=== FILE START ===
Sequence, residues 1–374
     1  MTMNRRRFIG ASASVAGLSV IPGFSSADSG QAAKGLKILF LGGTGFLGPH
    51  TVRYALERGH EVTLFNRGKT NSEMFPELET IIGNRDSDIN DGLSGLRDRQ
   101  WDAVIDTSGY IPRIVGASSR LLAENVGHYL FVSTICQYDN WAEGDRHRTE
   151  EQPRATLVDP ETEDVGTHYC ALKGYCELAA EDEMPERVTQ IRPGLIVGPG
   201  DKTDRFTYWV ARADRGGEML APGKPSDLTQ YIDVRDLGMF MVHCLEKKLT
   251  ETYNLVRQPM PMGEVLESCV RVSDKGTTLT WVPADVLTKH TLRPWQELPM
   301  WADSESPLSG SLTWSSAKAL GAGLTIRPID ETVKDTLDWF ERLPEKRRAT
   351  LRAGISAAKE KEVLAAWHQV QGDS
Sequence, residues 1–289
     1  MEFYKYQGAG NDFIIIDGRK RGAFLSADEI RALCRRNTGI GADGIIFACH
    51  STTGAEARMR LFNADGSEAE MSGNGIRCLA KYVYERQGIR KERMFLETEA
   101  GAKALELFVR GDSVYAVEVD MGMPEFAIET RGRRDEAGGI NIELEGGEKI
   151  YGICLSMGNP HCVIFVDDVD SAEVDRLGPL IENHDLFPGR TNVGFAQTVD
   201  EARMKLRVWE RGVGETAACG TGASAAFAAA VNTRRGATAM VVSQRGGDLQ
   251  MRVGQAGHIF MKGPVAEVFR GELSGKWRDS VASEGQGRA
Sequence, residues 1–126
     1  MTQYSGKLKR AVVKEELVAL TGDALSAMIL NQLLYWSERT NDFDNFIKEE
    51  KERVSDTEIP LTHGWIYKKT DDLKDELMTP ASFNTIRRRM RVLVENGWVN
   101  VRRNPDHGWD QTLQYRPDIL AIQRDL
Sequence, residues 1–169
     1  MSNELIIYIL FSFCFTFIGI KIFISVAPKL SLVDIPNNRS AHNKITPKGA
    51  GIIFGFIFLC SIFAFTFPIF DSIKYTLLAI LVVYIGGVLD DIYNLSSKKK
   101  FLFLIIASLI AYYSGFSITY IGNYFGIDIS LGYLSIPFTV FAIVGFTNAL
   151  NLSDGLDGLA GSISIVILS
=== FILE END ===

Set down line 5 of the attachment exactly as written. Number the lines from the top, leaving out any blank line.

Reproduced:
   151  EQPRATLVDP ETEDVGTHYC ALKGYCELAA EDEMPERVTQ IRPGLIVGPG